Kissinger: That’s right. Because—

Nixon: Now if the China doesn’t come back, they should be back—

Kissinger: They’ll be back within 10 days to 2 weeks.

Nixon: You think so? Has Yahya delivered the message?

Kissinger: He delivered the message on May 19. It took 5 days. I’ve now got a good channel, but I told his Ambassador to send it by pouch, didn’t want it on a Pakistan wire. I’ve now set up a wire to Karachi for our Ambassador, which goes only through Morris. Nobody knows it. And it’s got a special code, which only Haig knows, so even Moorer can’t read it. And which only, and so now we can deliver messages in 24 hours. It took 5 days to get there, then it took, then Yahya was in Lahore so he didn’t deliver it until the 19th. So they’ve only had it for 7 days. And my guess is that they’ll reply the first week of June.

Nixon: You think they’ll reply in the positive or negative?

Kissinger: Almost certainly, yes.

[Page 698]

Nixon: There’s a lot of things in there about a Presidential visit and all that kind of stuff.

Kissinger: We offered them a Presidential visit. We told them I’d be authorized to arrange the visit of a public emissary if it was thought useful; it’s hedged a little bit. And—

Nixon: In addition to a Presidential visit?

Kissinger: Yeah, in addition to a Presidential visit. And for them, Mr. President, after all, they are revolutionaries. But you think of this peasant, former peasant, Mao, the Great March, and then the President of the United States comes to Peking at the end of his life. That’s—

Nixon: Well that’s why this former [unclear] Brezhnev has god-damn well got to decide whether he wants to come or not. And—

Kissinger: I think that, Dobrynin again this morning talked about that trade deal, that $500 million trade deal.

Nixon: Yeah.

Kissinger: We just don’t have enough information to act on it.

Nixon: Well, but he didn’t raise the summit. He never raises it does he?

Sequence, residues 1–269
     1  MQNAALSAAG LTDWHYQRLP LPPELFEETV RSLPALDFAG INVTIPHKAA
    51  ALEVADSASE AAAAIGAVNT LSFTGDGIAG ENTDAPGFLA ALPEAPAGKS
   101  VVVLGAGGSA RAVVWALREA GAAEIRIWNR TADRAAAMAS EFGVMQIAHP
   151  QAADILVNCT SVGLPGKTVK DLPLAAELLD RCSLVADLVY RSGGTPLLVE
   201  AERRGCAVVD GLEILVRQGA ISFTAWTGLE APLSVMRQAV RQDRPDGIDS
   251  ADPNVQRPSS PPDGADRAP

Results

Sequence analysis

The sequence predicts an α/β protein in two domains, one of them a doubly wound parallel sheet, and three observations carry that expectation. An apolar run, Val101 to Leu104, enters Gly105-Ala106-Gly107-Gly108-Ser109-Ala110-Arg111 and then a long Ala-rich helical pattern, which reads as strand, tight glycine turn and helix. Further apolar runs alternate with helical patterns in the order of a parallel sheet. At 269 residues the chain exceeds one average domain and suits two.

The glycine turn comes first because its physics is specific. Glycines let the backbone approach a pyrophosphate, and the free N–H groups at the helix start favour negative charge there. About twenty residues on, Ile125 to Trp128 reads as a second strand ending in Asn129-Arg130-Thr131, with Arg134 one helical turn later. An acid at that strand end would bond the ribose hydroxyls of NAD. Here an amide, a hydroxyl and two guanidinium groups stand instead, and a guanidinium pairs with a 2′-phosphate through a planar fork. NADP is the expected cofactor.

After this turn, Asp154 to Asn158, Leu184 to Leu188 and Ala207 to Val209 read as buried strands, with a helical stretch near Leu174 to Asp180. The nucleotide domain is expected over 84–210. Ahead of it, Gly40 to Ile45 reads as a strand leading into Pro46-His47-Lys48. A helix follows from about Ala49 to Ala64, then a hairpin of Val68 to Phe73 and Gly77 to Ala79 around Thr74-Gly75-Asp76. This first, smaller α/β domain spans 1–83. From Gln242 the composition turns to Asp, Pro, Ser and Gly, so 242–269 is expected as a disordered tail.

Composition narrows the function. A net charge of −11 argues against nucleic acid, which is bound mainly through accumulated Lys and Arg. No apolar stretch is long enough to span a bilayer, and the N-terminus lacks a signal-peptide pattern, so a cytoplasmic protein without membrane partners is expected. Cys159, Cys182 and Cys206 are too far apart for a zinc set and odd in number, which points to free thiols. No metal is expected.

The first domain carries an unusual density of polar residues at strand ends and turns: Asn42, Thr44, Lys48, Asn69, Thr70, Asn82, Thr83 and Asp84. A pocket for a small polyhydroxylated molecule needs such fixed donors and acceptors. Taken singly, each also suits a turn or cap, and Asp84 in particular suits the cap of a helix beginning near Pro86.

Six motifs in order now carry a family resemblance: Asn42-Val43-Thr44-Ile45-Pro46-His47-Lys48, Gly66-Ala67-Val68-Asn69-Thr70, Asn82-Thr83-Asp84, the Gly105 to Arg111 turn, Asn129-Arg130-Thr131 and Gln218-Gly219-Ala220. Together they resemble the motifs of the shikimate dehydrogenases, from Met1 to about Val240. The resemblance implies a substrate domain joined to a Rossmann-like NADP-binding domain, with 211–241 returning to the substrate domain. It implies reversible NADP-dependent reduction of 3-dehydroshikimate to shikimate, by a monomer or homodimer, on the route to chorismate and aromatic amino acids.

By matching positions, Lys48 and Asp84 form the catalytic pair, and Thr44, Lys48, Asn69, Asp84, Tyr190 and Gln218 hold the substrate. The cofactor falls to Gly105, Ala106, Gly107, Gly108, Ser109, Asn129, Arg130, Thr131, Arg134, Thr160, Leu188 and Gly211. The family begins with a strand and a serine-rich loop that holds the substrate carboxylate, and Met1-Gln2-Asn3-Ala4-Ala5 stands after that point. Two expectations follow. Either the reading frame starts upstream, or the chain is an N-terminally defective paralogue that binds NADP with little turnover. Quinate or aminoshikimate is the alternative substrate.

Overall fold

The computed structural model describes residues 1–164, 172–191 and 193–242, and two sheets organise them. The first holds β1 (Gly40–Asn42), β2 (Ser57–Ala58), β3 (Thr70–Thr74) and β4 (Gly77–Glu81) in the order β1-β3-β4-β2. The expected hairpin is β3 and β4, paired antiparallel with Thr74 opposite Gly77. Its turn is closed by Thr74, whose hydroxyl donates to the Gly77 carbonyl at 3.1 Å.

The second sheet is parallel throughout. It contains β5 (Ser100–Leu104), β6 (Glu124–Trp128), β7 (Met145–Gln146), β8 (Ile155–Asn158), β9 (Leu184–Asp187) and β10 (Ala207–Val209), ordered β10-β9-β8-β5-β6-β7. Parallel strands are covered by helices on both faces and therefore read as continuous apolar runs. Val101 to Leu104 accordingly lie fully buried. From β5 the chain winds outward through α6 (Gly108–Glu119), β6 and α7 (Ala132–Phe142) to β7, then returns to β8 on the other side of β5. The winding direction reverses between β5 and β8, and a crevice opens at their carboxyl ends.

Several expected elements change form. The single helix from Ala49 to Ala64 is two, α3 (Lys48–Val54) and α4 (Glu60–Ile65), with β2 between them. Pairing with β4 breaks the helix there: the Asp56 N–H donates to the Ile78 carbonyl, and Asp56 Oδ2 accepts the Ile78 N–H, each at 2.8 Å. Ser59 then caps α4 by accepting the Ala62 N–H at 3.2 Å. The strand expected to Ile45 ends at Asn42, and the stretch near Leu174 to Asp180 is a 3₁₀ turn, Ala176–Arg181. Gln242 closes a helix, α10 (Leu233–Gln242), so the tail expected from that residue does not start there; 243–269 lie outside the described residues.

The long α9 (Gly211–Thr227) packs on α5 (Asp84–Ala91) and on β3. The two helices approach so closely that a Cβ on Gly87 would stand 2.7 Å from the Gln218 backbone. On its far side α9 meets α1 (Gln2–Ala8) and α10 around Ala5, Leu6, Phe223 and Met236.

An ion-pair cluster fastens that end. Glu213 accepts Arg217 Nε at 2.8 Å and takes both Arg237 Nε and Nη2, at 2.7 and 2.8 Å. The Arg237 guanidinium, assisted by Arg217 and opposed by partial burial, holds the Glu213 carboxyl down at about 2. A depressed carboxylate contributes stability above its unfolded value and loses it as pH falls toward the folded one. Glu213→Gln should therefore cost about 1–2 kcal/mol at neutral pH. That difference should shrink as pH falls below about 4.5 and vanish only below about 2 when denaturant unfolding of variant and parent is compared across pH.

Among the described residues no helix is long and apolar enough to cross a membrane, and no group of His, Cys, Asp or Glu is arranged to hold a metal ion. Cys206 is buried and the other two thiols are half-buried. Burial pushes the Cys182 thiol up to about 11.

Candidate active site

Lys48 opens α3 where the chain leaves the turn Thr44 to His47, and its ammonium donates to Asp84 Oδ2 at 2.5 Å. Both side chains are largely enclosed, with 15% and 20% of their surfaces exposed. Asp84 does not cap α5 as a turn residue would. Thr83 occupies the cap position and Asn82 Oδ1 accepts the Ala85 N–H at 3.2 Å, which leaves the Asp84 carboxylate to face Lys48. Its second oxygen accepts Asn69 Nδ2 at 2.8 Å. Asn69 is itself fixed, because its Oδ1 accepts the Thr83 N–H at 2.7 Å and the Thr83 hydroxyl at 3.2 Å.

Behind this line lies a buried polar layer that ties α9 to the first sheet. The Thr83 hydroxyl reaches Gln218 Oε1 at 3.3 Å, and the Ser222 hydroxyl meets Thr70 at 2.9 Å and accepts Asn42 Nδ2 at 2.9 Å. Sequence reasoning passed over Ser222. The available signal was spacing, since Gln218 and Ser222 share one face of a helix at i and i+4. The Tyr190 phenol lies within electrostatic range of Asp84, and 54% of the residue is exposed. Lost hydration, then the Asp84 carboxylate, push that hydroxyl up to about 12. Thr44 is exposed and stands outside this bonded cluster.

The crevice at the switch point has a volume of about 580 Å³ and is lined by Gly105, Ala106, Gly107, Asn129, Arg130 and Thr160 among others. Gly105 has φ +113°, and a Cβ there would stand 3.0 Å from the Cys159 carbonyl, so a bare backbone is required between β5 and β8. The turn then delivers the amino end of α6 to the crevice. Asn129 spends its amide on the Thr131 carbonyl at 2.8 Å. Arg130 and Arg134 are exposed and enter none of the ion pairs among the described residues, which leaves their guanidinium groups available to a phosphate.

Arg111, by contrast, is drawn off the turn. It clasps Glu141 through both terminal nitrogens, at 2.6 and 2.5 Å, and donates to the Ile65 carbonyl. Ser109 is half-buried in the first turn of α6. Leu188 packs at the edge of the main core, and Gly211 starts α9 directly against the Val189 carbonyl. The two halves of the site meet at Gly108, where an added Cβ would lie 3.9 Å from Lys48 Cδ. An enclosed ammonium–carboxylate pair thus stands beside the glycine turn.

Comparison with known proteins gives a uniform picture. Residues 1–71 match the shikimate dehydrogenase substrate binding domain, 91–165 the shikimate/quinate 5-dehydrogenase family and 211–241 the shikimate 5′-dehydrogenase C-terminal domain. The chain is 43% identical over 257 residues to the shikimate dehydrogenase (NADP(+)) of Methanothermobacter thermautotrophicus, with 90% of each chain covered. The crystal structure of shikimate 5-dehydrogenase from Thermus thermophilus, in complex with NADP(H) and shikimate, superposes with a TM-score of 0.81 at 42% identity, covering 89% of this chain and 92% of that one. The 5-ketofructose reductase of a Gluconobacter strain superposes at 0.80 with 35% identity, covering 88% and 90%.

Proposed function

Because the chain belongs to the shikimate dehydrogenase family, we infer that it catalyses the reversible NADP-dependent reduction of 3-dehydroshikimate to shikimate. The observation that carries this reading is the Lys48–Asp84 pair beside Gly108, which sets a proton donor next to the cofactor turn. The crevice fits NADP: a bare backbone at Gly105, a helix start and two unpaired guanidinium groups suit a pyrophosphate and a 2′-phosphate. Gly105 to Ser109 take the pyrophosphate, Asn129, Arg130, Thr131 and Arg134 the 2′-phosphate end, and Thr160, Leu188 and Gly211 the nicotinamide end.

Kissinger: No.

Nixon: Well, he must have a reason you know.

Kissinger: Well, no. They are very cute. They figure you’re very eager, so they figure they’re first going to make you pay on Berlin. Then they’re going to make you pay on trade, and after that they give you the summit.

Nixon: What the hell are we going to talk about there?

Kissinger: But I think, well, we can have, we need the summit for a number of reasons. It will discipline them during SALT.

Nixon: Yeah. Well, we’ve got to have, we need the summit for the reason of getting the deal on SALT.

Kissinger: That’s what I mean.

Nixon: So then we’ve got to hammer them.

Kissinger: And, we can—

Nixon: Did Dobrynin say he’d let Semenov know that he’s not going to screw around on that final announcement?

Kissinger: That’s right. That’s right. I can always try a little deal. He said, “Can we talk the first 2 weeks about India only?” I said, “Anatol, let’s not horse around. If we want an agreement, you need some face saving thing, you want to talk about ABM for a week, that’s one thing. But essentially it has to be concurrent.” And if you read the letter, it says “to be discussed before,” so we know what we have. And I have tapes of conversations.

Nixon: Oh, I know. Yes. But anyway—

[Page 699]

Kissinger: So what I think we should do is, it’s playing dangerously, it’s living dangerously, but that’s how you’ve got where you are in foreign policy and in other things too. The thing to do is to tell, in my view, is to tell Dobrynin in early June, “We’ve reviewed our state of relations, things are now moving on a number of fronts, either you can commit yourself now for a summit in September, or we won’t have one this year.”